It has been shown previously that the suppression of tumor immunosurveillance may be a mechanism by which tumors resist immune detection and elimination. In this study, we evaluated the role of the immunoregulatory natural killer T (NKT) cells in the biology of immunosurveillance of osteosarcoina. The K7M2 mouse osteosarcoma cell line was implanted orthotopically into wild-type and NKT cell-deficient CD1d knockout (KO) BALB/c mice, and mice were monitored for growth of primary tumors. Further, we examined the role of CD4+ and/or CD8+ cells by depleting the cells in vivo and measuring CTL activity in vitro. We also asked the role of interleukin (IL)-4 receptor α(IL-4Rα)-signal transducer and activator of transcription 6 (STAT6) signaling, including IL-13, and transforming growth factor β(TGF-β) by using gene-disrupted mice or treating mice with cytokine antagonists. We were surprised to find a high rate of rejection of osteosarcoma primary tumors in 88% (14 of 16) of CD1d KO mice compared with syngeneic wild-type BALB/c mice that showed rejection of tumor in <24% of mice. Further studies suggested that the rejection of tumor in CD1d KO mice was dependent on CD8+ lymphocytes. Distinct from other m urine tumor models, the negative regulation induced by CD1d-restricted NKT cells was not dependent on IL-4Rα-STAT6 signaling, including IL-13, or on TGF-β. These data suggest that a novel CD1d-restricted NKT cell-mediated mechanism for tumor immunosuppression is active in the K7M2 osteosarcoma model and that NKT cells can regulate immunosurveillance through more than one pathway.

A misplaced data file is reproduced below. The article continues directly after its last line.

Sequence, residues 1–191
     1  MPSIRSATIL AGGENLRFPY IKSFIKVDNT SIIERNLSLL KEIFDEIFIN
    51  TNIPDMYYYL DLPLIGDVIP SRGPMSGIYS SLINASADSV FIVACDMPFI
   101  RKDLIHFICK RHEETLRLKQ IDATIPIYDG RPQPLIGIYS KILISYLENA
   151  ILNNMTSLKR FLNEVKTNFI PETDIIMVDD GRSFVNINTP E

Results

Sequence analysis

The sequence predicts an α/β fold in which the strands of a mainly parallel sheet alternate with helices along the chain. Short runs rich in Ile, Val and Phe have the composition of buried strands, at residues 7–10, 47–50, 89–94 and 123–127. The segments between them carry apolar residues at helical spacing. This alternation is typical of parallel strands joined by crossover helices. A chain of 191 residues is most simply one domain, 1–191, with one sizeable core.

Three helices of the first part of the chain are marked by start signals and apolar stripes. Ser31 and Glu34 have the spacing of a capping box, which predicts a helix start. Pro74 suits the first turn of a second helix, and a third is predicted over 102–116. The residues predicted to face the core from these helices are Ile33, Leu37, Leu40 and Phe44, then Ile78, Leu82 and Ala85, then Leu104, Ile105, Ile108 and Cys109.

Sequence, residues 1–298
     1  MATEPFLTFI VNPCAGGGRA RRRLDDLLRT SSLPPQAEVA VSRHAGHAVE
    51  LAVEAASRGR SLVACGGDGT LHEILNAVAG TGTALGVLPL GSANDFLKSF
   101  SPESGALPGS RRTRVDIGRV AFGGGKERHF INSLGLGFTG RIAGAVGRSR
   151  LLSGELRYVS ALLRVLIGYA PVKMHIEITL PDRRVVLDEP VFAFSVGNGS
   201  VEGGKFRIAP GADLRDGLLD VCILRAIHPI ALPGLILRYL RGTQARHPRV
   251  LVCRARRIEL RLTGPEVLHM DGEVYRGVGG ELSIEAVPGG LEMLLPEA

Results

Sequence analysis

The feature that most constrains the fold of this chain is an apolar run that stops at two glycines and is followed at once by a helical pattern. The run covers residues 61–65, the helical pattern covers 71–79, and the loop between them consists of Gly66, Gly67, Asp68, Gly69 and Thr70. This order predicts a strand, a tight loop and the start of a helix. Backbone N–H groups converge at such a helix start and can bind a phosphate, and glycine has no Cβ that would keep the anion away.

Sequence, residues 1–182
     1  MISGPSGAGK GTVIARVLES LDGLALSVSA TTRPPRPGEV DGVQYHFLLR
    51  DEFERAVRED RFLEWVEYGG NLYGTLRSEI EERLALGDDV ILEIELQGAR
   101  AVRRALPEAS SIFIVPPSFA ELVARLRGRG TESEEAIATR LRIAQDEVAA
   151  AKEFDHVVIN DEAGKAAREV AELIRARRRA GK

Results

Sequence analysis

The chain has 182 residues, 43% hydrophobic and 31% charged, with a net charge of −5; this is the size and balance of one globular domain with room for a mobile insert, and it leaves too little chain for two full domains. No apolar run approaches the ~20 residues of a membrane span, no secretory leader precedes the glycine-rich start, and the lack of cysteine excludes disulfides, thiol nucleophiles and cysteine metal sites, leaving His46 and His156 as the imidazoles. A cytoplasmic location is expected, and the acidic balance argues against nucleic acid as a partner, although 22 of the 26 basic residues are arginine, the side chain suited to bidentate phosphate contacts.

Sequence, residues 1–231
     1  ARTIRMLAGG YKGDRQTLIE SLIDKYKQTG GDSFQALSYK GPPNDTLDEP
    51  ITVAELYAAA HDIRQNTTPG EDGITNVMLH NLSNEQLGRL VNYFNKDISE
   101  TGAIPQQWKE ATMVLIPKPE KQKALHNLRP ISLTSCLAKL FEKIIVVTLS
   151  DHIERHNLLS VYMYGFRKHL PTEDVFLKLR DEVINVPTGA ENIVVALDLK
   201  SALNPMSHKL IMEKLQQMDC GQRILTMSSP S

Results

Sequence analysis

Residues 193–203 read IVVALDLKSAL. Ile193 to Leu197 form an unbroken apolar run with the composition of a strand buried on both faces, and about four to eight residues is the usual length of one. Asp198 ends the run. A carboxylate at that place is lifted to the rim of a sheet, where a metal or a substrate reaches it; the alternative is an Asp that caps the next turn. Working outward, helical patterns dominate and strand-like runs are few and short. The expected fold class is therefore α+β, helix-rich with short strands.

ASJC Scopus subject areas
- Cancer Research